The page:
Sunset on the main beach, Gran Roque.
Warning: The following photos of crystal clear oceans in every shade of blue, white sand, palm trees and spectacular sunsets may make you want leave your job and/or insanely jealous, sorry.
Actually there were so many spectacular photo opportunities in Los Roques that I will never be able to fit them all in this post so I have added the rest as enlargeable thumbnails at the bottom. I couldn’t resist.
We decided to go to Venezuela for a rather long ‘stopover’ on our way back to Argentina after visiting Kate and some of my rellies up in Myrtle Beach, South Carolina. It was fantastic to see Kate and we had a good time hanging out at the beach (and bars) doing lots of catching up. The strip malls, restaurant chains with no character, time share hotel tourism and general rabid consumerism of the states were quite a shock after so long in Argentina. We did enjoy the efficiency and technology – I was excited when we went to a supermarket and you could even check yourself out at the register …. but as one guy said ‘we make it easy for you to buy stuff in this country’!
Arrived in Venezuela expecting a return to inefficient systems, unpredictable airport immigration/customs and aggressively soliciting bag carriers and taxi drivers (these were the rumors). Instead, we were whisked through immigration and customs with cheery smiles in less than 15 mins and were met my an extremely helpful airport worker (one of many officials that wait at the arrival gates to assist people) who showed us where to change money, hefted our bags onto a cart and then escorted us on the 5 minute walk down the road to the domestic terminal and the counter to which we were catching our flight to Los Roques. Caracas International airport is by far the most efficient and friendly airport we have ever experienced.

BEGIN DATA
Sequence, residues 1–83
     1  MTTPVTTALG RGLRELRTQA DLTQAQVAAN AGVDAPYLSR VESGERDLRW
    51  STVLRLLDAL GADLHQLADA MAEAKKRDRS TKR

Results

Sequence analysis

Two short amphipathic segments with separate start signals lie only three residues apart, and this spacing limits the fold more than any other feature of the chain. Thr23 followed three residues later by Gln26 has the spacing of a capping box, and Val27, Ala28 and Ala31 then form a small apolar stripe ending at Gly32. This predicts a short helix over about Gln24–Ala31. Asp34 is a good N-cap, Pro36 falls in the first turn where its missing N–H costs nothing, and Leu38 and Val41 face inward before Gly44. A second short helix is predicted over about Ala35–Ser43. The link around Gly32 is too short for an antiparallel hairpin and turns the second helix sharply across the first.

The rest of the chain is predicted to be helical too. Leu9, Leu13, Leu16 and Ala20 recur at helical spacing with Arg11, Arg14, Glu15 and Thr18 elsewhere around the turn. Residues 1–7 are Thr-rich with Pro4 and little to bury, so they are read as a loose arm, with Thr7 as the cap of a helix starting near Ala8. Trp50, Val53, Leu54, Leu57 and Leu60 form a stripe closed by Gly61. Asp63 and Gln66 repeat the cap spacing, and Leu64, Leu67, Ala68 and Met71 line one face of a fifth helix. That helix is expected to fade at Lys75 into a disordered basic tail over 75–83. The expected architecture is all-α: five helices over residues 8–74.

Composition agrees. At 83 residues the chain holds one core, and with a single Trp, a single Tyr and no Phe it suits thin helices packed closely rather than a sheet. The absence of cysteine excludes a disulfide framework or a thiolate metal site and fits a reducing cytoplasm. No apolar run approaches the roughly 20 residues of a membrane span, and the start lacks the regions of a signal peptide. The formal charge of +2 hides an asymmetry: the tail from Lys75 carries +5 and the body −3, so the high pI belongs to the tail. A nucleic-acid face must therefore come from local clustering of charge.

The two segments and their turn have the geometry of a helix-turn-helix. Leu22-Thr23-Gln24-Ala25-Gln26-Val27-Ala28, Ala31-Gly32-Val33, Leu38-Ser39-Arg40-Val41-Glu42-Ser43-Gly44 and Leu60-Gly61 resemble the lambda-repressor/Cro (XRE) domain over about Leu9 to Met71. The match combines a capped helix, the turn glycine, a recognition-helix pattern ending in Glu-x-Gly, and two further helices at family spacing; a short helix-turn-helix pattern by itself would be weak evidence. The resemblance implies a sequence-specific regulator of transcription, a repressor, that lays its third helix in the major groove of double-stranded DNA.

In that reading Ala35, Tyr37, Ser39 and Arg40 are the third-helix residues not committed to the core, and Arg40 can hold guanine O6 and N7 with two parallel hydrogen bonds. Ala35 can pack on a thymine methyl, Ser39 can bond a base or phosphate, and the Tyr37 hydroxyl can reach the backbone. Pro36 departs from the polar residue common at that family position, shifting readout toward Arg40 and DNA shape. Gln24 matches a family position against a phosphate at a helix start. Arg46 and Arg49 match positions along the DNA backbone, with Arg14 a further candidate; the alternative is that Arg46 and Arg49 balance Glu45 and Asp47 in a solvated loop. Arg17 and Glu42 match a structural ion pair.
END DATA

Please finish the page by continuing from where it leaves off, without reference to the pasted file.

We caught our connecting flight to Los Roques a couple of hours after we arrived in Venezuela. The old russian-made plane rumbled its way over the blue carribean, the clouds disappeared and in less than 40 minutes we were descending over incredibly clear waters of every shade of blue pocked with deserted sandbars and larger islands surrounded by reef-fringed lagoons.
The scenery on the flight in (click to enlarge).
Los Roques is a carribean archipelago of over 50 islands and many more sandbars. The weather is almost permanently sunny (this leads to some problems with lack of fresh water) and vegetation is pretty limited to a few shrubs and palm trees. It’s a national park so infrastructure development is quite restricted, no hotels here. We landed in Gran Roque, the main island and the only ‘town’ in Los Roques. The town is really cute, there are no cars, the streets are sand and its filled with brightly coloured houses and ‘Posadas’ – little guesthouse or B&B things with between 2 and 10 rooms. Unfortunately the Posadas were out of the budget with prices about 3 times higher than usual because it was high season (European summer…. the place was full of europeans, mostly Italians) and no availability anyway so luckily we had come prepared with tent and various camping paraphernalia and we found the magnificent ‘camping area’, a little space right on the beach with a bit of shade. No facilities but what did we care – there was an ocean 5 steps from the tent.